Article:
Web edition: March 26, 2007
Print edition: March 31, 2007; Vol.171 #13 (p. 207)
Do cows and other domestic-herd animals really emit more methane than bison and other wild-herd animals emitted before people came along? Do grass, alfalfa, and other pasture plants remove less carbon dioxide than do forests? There were open grasslands before pastures replaced some forests. I hope the people who are researching these things ("Big footprints," SN: 1/13/07, p. 30) take such issues into consideration before trying to frighten everyone into becoming vegetarians.
Not only is the finding that nanotubes "remained in particular in the liver and spleen" of concern ("Tracking nanotubes in mice," SN: 1/27/07, p. 61), but there is no indication made or concern expressed over what happens after excretion. What biological activity do these structures have in the open environment, and for how long? Can they become airborne? Do they get removed in sewage-treatment plants? After all, these things have never existed before.
Boulder City, Nev.
No mention is made in "Gas tanks could guzzle half of U.S. corn yields" (SN: 2/3/07, p. 78) of the huge amount of petrochemical inputs required both for large-scale farming of corn and for the distilling process required to produce ethanol. When these and other environmental costs are factored in, the promotion of corn-based ethanol as fuel will ultimately be exposed as an environmentally disastrous policy.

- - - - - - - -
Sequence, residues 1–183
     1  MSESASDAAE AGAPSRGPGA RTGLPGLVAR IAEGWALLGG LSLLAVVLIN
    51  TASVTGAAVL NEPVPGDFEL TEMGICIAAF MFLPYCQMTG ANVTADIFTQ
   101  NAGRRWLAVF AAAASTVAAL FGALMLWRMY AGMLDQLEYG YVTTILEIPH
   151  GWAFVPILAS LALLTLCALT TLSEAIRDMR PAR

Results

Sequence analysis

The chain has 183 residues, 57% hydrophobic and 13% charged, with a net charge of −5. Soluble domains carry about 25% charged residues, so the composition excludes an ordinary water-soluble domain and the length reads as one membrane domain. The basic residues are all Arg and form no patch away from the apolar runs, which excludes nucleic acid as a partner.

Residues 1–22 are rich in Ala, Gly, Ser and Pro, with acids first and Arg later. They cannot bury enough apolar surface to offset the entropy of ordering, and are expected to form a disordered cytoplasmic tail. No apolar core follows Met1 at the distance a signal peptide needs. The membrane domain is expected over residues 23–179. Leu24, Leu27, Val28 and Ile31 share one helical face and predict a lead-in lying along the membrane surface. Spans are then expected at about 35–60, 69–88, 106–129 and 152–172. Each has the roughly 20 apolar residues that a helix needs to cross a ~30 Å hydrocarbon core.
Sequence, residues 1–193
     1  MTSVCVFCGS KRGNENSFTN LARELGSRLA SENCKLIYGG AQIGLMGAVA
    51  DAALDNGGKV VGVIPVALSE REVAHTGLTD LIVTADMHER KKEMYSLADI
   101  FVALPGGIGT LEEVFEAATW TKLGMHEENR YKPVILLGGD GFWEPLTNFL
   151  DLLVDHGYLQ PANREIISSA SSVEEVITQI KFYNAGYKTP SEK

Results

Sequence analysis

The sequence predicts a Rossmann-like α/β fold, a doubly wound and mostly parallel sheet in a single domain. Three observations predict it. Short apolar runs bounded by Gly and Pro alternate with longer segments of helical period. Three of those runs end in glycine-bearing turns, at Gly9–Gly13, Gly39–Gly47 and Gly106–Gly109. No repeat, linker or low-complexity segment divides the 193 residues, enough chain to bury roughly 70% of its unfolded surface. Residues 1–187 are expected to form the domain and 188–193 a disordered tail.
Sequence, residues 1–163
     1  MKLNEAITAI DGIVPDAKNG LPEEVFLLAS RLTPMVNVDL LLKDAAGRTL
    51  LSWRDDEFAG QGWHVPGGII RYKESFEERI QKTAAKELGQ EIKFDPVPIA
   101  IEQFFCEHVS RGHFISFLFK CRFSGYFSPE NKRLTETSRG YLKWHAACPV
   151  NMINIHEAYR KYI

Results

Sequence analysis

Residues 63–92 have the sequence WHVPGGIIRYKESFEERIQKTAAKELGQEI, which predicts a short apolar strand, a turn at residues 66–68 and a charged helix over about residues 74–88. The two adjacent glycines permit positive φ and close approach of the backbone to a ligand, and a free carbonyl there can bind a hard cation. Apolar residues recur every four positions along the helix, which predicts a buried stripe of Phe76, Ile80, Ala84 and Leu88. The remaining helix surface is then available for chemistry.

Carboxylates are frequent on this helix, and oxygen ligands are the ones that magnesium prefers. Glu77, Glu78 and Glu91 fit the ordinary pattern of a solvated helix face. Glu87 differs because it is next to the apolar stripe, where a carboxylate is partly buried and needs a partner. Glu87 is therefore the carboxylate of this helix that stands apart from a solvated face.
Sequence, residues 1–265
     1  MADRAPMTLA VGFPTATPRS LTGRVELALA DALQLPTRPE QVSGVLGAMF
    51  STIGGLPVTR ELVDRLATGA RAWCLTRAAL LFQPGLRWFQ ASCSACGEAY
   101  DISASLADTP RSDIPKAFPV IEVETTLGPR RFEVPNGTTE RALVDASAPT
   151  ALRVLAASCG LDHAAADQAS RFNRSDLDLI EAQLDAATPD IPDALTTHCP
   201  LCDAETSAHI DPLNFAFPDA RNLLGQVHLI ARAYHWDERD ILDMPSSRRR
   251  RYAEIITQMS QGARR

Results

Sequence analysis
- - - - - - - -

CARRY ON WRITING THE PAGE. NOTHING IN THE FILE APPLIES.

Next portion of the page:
The article begs the question: Are biofuels well suited to provide a significant portion of our nation's energy pie? I think the answer is yes, but another approach is needed. We would do well to look to New Zealand, South Africa, and parts of the United States, where the extraction of biofuels from algae grown on wastewater streams is being pioneered. Extremely prolific and among the highest oil-yielding plants on earth, algae can, without competition for arable land, feed off wastewater from cities, farms, and other provenances and serve as raw material for fuel.
Vineyard Haven, Mass.